In a recent radio interview, Illinois Comptroller and Chicago mayoral candidate Susana Mendoza took a swipe at rival Bill Daley for suggesting a new commuter tax could be one way to help the financially troubled city pay its bills.

Daley didn’t endorse the idea but only said it was worth exploring. Still, Mendoza flatly panned it on WBBM Newsradio.

“Every city that has a commuter tax — look at Detroit, Philadelphia — they are actually stagnating in terms of their economy. It’s been a job-killer,” Mendoza said. “This is just, again, going back to an easy well that panders to a public that doesn’t understand the real ramifications of what these ill-fated policies will do.”

The sweeping nature of her statement caught our attention. Are commuter taxes effectively desperation moves that are doomed in the long run to hurt the economies of every city that implements them?

Commuter tax 101

It should be noted upfront that the term ‘commuter tax’ is a misleading shorthand for an array of revenue-raising schemes that affect not just those who commute to work from outside a city but city residents as well.

“The only thing that term is really conveying is that non-residents also pay the tax,” said Richard Auxier, a research associate with the Urban-Brookings Tax Policy Center.

Chicago once had what could loosely be referred to as a commuter tax, the so-called head tax, which levied a $4-per-worker monthly charge on larger employers. The fee was imposed regardless of whether a worker lived in or outside of Chicago.

Mayor Rahm Emanuel campaigned in 2011 to do away with the head tax, and it was eventually phased out.

Other cities with commuter taxes impose them as add-ons to local income taxes, with suburbanites who work in the city sometimes paying the same rate as city dwellers and sometimes getting a discount.

That scheme is impossible in Chicago because the state does not allow cities and counties to impose income taxes.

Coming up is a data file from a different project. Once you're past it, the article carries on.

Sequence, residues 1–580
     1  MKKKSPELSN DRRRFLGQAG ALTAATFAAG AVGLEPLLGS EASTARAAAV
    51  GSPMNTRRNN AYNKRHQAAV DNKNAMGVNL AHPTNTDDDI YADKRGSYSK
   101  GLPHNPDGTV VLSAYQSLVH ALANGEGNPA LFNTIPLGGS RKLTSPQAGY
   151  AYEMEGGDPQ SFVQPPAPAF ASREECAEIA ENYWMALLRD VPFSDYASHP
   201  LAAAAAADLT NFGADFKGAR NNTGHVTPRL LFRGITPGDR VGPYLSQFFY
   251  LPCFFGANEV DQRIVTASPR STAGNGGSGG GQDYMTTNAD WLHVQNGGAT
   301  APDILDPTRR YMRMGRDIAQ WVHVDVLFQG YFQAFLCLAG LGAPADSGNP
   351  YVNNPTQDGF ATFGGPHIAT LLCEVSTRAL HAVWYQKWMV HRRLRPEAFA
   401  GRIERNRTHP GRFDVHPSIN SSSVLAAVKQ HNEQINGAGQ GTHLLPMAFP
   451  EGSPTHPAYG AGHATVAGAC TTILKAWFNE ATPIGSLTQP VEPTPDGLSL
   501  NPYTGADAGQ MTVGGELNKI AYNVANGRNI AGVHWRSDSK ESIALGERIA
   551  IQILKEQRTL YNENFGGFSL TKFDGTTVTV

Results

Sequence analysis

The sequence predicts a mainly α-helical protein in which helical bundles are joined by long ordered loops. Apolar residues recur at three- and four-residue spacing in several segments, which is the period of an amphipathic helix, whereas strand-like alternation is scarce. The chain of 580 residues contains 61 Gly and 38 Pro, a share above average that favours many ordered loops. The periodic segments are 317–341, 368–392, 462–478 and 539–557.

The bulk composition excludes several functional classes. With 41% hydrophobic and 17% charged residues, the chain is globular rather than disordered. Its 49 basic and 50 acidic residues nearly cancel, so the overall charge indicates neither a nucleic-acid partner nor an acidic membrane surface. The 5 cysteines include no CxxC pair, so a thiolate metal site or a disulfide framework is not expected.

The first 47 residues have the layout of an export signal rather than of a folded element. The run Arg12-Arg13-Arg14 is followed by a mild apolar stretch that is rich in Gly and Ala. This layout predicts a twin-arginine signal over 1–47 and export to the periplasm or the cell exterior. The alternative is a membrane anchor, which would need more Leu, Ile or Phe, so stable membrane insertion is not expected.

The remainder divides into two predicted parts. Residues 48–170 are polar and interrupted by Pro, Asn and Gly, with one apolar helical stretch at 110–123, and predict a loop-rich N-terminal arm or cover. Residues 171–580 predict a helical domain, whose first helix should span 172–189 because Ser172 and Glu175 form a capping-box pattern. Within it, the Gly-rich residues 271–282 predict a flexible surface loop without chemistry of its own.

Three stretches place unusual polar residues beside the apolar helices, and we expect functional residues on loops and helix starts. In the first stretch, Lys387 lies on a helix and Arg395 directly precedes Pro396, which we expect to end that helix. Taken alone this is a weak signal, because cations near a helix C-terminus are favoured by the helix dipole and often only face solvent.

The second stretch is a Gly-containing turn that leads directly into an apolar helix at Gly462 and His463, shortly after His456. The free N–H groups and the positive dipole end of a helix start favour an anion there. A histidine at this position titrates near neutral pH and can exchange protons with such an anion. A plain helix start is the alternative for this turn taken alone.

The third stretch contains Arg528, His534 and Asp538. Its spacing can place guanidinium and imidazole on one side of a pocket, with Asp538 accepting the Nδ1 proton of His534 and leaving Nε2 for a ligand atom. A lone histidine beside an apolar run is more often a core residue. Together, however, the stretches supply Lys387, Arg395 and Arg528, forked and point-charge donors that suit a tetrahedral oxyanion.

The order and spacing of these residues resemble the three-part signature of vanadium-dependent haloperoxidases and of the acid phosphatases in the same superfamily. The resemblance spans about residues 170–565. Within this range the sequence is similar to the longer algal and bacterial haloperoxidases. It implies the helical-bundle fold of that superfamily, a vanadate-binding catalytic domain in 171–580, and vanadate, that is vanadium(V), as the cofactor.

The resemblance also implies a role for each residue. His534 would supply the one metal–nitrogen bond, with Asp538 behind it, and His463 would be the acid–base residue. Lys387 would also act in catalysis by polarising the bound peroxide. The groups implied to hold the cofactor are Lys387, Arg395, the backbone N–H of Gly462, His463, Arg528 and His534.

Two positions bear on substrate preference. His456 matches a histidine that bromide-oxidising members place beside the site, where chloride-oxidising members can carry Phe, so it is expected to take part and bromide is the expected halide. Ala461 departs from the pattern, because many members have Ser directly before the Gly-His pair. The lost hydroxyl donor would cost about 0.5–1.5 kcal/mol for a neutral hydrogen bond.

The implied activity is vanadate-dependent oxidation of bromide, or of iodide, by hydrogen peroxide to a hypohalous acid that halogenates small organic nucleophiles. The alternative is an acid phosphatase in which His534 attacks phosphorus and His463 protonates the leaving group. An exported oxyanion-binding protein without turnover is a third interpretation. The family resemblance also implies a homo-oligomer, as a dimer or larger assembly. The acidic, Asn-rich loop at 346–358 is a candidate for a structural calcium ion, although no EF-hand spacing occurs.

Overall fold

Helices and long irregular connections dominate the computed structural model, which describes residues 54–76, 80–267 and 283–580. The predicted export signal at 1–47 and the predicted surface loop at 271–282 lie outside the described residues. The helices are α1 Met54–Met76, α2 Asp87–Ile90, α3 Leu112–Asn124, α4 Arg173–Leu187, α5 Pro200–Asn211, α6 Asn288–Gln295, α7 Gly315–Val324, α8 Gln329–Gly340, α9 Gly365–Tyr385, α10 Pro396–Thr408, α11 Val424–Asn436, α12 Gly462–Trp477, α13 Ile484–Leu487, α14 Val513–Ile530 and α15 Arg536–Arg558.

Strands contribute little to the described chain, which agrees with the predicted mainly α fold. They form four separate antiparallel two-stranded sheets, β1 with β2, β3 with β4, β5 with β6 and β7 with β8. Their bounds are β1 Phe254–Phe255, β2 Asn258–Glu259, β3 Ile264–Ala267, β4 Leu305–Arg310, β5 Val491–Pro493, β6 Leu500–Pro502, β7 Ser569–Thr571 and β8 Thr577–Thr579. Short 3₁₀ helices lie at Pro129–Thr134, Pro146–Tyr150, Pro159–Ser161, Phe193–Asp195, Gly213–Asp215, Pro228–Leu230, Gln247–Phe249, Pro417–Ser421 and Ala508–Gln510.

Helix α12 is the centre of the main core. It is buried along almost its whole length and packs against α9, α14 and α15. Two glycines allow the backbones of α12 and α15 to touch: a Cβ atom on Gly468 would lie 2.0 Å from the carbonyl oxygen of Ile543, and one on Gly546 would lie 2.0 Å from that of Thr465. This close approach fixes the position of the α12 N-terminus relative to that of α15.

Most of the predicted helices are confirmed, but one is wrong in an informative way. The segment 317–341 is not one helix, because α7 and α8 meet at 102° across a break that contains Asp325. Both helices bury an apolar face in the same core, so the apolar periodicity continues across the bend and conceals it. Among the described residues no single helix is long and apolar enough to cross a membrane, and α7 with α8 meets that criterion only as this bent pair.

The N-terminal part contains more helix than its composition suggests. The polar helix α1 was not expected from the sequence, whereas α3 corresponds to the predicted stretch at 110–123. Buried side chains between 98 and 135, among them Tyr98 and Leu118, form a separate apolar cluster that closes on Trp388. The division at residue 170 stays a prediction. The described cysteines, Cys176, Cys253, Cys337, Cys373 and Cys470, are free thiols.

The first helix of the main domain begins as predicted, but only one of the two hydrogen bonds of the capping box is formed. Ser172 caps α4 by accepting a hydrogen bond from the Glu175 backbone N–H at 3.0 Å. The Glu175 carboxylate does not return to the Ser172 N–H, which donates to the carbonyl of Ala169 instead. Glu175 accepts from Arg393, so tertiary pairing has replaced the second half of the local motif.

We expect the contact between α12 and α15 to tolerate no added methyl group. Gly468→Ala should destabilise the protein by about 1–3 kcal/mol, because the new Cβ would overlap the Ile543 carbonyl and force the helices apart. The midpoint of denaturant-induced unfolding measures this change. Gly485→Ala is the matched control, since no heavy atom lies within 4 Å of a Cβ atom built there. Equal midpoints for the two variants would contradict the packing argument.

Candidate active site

Not every city

Central to Mendoza’s argument is her claim that commuter taxes always backfire.

When we reached out to her campaign, spokeswoman Rebecca Evans pointed us to a 2011 Chicago Inspector General report that noted how major cities with commuter taxes such as Detroit, Cleveland and Philadelphia also had stagnant economies. Evans also referenced studies of the commuter tax in Philadelphia that blame it for contributing significantly to job loss there.

However, experts we spoke with said it’s a stretch to blame the economic woes of those troubled cities on their commuter taxes alone.

Pointing to the decline of Detroit and Cleveland, Auxier said the commuter tax was likely just one factor amid larger manufacturing and population trends sweeping the Rust Belt.

It’s possible, he acknowledged, that the tax could have aggravated an already bad situation by helping to nudge businesses and residents out of the city. “But (the commuter tax is) often a reaction to some of these other, larger issues that are going on,” he said.

Philadelphia’s commuter tax, for instance, was implemented in 1939 as the city sought to avoid bankruptcy in the wake of the Great Depression.

Evans told us Mendoza doesn’t claim that in every city with a commuter tax it is the sole source of economic difficulties. But she stuck by her candidate’s claim that cities with such taxes all suffer from economic problems.

The problem with that sweeping generalization is that some U.S. cities with commuter taxes are thriving.

Denver, for instance, is frequently lauded for its booming economy, despite operating since 1988 under a $9.75-per-worker monthly head tax split between employers and employees.

Employment in Denver is up more than 60 percent since 1990, according to census data. The unemployment rate currently sits at 3.3 percent, below the national average.

What’s more, the average weekly wage in the Denver metro area, which includes both Denver and its adjacent suburb of Aurora with a similar head tax, ranked 8th highest in the nation in 2017. And Denver added nearly 3,000 new businesses between 2007 and 2016.

Louisville, Kentucky, and Columbus, Ohio, are other large, financially healthy cities that impose commuter taxes.

“I think you should always be careful with these taxes, and there’s good reason to not make this your first choice,” Auxier said. “But there’s plenty of successful cities that have these taxes.”

Our ruling

Mendoza said every city with a commuter tax is stagnating economically under a tax that’s been a job-killer.

Mendoza isn’t wrong to point out that commuter taxes carry the risk of discouraging business and employment in a city, and have been proven to do so in select cases like that of Philadelphia.

But she didn’t stop there. Instead, she contended that because some cities with commuter taxes are underperforming economically, all cities with such taxes must be doing badly as well. That is simply not the case.

We rate her claim Mostly False.

MOSTLY FALSE – The statement contains an element of truth but ignores critical facts that would give a different impression.

Click here for more on the six PolitiFact ratings and how we select facts to check.

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